The Pair Bonding aspect of love is about attachment and security. Pair Bonding essentially describes the tendency of certain animals to form paired relationships and remain in them for a duration of time. It is caused by the release of the hormone oxytocin into our systems, which is caused by behaviors like cuddling, touching or kissing. Essentially, it is that feeling you have when you want someone to cuddle and “hang out” with. Pair bonding is more of an emotional attachment than a sexual one, because of its basis in oxytocin, not dopamine.
Knowing all this is nice in theory, but there is a practical side to it too. By understanding that love can be broken down into component pieces, we can better understand our choices and responses towards our partners (or potential partners). Hopefully, this leads to more rational decisions and more effective choices that help us rather than hamper us in our pursuit of goals.
Social Monogamy and Sexual Promiscuity
One of the derivations from understanding that love consists of three things (sexual desire, drive/motivation and pair bonding) is that these components can often be conflicting and can pull us in opposite directions.
The one that affects our productivity the most is the interaction between our sexual desires, and our need to pair bond. I like to think of it as Pair Bonding vs the Coolidge Effect.
The Coolidge Effect is an observed behavior in mammals (including humans) where mammals will exhibit renewed sexual interest in new sexual partners, after refusing sex with prior but available sexual partners. In plain English, this means that mammals tend to seek out NEW partners, even if their current ones are available. The real-world impact of this is interesting – the Coolidge Effect can actually cause you to see cracks or problems in your existing relationship where they don’t really exist – especially in the presence of potential new sexual partners.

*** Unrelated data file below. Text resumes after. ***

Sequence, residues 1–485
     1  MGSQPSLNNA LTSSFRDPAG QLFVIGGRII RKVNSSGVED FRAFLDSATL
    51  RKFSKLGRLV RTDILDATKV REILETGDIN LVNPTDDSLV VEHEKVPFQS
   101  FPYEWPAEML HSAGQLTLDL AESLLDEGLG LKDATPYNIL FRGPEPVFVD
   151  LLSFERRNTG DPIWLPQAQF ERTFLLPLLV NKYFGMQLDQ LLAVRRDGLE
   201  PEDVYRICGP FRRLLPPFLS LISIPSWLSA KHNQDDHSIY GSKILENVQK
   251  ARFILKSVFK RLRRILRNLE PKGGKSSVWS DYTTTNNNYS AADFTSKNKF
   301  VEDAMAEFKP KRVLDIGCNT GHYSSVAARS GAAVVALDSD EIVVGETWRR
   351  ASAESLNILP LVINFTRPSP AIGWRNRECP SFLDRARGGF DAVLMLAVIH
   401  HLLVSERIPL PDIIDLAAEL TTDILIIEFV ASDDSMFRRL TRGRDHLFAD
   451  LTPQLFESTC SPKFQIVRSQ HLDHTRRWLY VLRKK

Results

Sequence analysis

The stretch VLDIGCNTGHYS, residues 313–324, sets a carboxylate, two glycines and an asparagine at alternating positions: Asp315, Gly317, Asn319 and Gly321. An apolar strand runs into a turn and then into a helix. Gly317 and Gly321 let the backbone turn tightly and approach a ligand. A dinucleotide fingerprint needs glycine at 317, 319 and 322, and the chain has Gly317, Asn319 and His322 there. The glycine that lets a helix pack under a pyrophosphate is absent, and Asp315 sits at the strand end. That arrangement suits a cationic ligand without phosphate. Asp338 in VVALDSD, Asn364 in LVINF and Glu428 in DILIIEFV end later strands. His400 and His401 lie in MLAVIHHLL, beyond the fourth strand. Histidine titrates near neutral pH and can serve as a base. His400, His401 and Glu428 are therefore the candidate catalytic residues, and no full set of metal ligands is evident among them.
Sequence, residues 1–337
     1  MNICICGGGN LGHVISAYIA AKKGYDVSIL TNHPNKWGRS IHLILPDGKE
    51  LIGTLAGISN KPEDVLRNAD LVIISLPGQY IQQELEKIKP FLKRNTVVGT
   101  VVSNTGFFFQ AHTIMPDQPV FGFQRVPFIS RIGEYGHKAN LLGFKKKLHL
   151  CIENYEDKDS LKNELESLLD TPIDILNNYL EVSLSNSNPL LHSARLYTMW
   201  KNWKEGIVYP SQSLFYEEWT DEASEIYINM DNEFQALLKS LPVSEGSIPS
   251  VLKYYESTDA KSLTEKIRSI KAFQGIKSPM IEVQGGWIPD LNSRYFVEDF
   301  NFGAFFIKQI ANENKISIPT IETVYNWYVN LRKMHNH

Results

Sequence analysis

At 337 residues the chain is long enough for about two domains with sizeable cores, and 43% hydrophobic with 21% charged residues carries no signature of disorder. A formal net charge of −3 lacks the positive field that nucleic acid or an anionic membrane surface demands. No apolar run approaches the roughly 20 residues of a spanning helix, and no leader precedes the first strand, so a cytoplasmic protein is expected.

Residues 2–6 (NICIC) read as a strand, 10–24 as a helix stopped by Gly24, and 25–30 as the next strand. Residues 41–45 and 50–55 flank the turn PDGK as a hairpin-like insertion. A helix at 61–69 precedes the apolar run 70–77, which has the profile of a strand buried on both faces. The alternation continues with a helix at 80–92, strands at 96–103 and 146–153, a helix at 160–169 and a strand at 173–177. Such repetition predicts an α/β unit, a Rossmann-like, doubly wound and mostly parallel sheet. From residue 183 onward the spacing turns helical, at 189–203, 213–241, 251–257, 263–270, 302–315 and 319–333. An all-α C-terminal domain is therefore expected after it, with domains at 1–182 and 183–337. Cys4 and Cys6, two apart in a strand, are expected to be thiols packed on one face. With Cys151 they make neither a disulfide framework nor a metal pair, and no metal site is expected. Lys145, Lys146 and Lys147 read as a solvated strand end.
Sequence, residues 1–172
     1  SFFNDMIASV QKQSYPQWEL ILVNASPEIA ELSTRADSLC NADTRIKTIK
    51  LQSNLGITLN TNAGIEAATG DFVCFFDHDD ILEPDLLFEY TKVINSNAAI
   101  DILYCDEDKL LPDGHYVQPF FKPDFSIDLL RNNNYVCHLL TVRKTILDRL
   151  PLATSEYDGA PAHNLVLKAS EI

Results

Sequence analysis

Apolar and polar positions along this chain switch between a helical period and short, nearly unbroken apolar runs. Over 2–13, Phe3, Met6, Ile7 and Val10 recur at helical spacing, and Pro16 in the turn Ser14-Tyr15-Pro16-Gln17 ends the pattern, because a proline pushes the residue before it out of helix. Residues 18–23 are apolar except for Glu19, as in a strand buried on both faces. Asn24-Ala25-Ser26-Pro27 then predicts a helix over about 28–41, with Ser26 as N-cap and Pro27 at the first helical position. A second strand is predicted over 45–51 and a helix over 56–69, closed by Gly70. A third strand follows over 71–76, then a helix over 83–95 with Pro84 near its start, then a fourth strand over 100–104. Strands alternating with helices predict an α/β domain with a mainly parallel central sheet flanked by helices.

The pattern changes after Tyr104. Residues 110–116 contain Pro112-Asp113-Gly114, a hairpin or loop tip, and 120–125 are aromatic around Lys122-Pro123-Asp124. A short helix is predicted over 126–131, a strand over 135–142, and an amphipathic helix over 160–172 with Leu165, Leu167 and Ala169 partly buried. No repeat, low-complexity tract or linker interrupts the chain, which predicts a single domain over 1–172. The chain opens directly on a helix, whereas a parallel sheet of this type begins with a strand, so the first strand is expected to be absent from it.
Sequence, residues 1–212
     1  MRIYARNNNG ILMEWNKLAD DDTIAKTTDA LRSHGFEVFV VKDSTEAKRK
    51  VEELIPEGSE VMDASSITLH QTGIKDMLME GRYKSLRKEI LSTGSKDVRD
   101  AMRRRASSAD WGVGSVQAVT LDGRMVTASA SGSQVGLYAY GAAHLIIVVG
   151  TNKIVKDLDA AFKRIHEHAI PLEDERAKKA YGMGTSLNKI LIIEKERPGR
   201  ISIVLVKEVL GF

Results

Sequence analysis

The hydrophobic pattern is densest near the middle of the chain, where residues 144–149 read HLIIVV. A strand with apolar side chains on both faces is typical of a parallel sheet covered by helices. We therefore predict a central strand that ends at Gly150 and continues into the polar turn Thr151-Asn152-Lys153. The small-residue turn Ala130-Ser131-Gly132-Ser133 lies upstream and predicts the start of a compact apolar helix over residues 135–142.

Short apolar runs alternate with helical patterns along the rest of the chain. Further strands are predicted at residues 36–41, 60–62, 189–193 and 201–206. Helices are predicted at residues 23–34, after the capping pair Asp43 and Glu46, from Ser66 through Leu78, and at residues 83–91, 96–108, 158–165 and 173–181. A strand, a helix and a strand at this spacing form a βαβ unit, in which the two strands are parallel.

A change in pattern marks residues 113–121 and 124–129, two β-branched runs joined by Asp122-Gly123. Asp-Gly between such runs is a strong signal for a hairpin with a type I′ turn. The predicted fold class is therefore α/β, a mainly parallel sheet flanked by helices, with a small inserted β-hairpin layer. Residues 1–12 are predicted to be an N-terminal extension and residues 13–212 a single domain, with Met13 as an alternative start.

Why Calvin Coolidge? According to Frank A. Beach:
… an old joke about Calvin Coolidge when he was President … The President and Mrs. Coolidge were being shown [separately] around an experimental government farm. When [Mrs. Coolidge] came to the chicken yard she noticed that a rooster was mating very frequently. She asked the attendant how often that happened and was told, “Dozens of times each day.” Mrs. Coolidge said, “Tell that to the President when he comes by.” Upon being told, President asked, “Same hen every time?” The reply was, “Oh, no, Mr. President, a different hen every time.” President: “Tell that to Mrs. Coolidge.”
Pair Bonding is the observed behavior that makes us focus in on one partner and essentially become attached to them. The best scientific guess for why this behavior exists is because pair bonding is beneficial for raising offspring.
Now most people like to think that human beings are rational creatures, and a certain measure of intelligence above other animals. But consider this: society has developed in such a way that it encourages us to be socially monogamous, while allowing us to be sexually promiscuous.
Social monogamy is incredibly advantageous to society and the human race as a whole, and without a doubt the accepted norm. It is also the norm because of the benefits that it brings to society: reduced competition among men for sexual partners, and an overall increase in savings, child investment and economic productivity at a national level. Why does it work? Because it locks down the male sex drive into paternal investment (good for society) rather than letting it run wild seeking new partners. It’s interesting to note that historically, most of the world abandoned polygamy and adopted monogamy as a norm during the height of Western power and influence – basically, they saw the stability benefits of having a monogamy-based society and followed suit.